Q. Do alternative flours such as almond flour offer any real health advantages and if so (or if not), why?
A. It’s hard to say that something is good for you based entirely on what it isn’t! Whether alternative flours offer any health advantages over wheat flour really depends on what you’re avoiding (and why), which ones you choose, and what you’re making.
For example, if you are gluten intolerant, then using a gluten-free flour instead of wheat flour definitely offers a significant health advantage! Be forewarned, however, that substituting gluten-free flour in recipes developed for wheat flour will yield a very different result. The gluten in wheat flour helps bread rise and is responsible for the chewy texture of wheat-based baked goods. It’s possible to compensate for the absence of gluten with other ingredients and techniques, but it’s tricky! Your best bet is to use recipes specifically developed for gluten-free flours rather than simply substituting alternative flours for wheat flour in your recipe.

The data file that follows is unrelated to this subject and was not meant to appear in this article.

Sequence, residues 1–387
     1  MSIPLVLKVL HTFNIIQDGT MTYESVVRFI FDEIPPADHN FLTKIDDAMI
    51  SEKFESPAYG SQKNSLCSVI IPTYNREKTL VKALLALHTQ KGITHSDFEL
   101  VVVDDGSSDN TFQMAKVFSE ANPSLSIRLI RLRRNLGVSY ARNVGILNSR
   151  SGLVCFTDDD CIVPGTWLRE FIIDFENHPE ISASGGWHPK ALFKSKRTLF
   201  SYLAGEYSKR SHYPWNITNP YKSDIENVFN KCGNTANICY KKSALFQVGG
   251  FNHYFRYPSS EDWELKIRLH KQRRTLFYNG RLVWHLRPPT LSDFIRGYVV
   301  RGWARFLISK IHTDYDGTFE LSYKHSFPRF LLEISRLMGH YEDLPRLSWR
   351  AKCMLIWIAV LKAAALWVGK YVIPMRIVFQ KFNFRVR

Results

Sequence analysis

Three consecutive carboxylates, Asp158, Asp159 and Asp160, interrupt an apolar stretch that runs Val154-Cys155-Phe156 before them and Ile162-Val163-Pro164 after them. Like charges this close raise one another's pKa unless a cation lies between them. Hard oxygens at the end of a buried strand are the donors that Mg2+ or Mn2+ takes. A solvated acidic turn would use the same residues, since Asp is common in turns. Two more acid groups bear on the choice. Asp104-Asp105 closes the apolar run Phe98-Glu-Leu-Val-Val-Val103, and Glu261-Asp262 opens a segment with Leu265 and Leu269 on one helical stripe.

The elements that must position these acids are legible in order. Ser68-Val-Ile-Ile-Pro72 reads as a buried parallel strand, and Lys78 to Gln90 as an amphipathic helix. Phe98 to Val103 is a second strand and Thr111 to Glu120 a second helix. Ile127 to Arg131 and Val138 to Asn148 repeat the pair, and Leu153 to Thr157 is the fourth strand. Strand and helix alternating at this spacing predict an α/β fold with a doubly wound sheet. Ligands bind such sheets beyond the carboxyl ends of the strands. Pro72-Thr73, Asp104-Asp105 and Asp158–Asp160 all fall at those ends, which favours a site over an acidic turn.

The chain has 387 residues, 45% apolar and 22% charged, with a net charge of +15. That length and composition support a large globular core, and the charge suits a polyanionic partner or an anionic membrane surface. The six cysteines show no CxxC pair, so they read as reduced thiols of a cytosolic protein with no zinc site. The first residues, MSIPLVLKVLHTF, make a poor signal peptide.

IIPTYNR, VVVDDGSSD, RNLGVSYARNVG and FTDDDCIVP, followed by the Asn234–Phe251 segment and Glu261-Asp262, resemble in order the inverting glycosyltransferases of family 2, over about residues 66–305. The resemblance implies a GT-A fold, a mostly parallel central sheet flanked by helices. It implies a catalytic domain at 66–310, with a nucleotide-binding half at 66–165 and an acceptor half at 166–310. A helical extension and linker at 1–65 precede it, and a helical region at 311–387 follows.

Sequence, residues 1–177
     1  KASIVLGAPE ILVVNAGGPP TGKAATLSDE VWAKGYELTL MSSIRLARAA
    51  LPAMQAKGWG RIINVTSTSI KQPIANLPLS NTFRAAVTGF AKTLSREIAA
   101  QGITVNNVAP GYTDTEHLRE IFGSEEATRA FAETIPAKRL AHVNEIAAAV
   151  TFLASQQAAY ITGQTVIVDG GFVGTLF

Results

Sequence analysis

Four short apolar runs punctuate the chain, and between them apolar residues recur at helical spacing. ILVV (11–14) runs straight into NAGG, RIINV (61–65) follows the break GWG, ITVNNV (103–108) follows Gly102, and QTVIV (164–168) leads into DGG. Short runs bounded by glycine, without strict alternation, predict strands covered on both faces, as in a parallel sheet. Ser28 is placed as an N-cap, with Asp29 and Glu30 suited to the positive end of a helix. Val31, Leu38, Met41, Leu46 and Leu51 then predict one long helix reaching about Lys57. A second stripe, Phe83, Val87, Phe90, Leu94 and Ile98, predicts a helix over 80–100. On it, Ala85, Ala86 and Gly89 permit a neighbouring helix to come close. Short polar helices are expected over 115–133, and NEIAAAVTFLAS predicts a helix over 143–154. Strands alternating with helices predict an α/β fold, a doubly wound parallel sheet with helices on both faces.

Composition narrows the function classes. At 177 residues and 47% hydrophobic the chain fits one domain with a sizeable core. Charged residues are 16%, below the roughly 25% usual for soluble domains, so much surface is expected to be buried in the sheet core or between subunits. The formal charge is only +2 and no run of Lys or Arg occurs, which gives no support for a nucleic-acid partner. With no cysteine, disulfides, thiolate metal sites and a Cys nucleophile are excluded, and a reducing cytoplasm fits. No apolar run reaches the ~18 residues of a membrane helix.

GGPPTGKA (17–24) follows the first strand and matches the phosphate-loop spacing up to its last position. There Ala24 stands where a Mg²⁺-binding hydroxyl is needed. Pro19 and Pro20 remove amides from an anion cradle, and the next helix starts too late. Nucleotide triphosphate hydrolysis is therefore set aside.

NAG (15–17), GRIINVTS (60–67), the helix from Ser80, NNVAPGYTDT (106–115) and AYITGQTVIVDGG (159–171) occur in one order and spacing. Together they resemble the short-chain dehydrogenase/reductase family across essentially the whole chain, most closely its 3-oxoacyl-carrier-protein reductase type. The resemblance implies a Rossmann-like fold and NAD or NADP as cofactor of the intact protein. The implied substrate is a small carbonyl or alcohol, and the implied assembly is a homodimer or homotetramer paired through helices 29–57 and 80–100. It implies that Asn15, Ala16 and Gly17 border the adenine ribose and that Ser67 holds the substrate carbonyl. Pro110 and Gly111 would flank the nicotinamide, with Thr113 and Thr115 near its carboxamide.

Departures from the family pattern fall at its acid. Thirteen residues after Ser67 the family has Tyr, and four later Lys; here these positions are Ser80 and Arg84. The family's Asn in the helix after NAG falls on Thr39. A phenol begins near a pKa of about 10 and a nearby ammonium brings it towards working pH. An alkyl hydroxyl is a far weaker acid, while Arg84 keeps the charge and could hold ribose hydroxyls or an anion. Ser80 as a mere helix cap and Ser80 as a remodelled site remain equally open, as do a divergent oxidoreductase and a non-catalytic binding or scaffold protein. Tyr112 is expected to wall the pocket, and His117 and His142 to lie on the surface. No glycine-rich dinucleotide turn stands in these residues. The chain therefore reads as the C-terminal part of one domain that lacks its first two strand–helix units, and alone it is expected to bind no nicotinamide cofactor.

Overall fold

See also: Gluten-Free Diets
What Are You Using Instead?
Aside from avoiding gluten (which is only beneficial if you are gluten intolerant), any nutritional differences will depend on exactly which alternative you choose.
- Flours made from other cereal grains, such as rice, oats, buckwheat, millet, and so on, are roughly comparable to wheat flour. Note: Rice and oat flours tend to lower in protein and fiber than wheat flour.
- Flours (technically, meals) made from nuts and seeds, such as almond, hazelnut, and flax, will be lower in carbohydrates and higher in fats and, therefore, calories. Note: Coconut flour is the exception, being lower in fat and higher in fiber than most nut meals.
- Flours made from legumes, such as soy, garbanzo, and fava, tend to be higher in protein and lower in carbohydrates.
Obviously, which of these differences constitute a nutritional advantage depends on what you’re looking for. If you’re interested in reducing carbohydrates, for example, nut meals offer an advantage. But if you want to limit fat or calories, they wouldn’t necessarily be the best choice. And other than being gluten-free, rice and oat flour don’t seem to be much of an improvement over wheat flour, which is higher in protein and fiber.
What Are You Making?
Finally, what are you making with your alternative flour? A cake made with millet flour instead of wheat flour is still a cake, not a health food. Sweet treats and baked goods should be enjoyed in moderation, no matter what kind of flour they’re made with!
See also: Junk Food in Disguise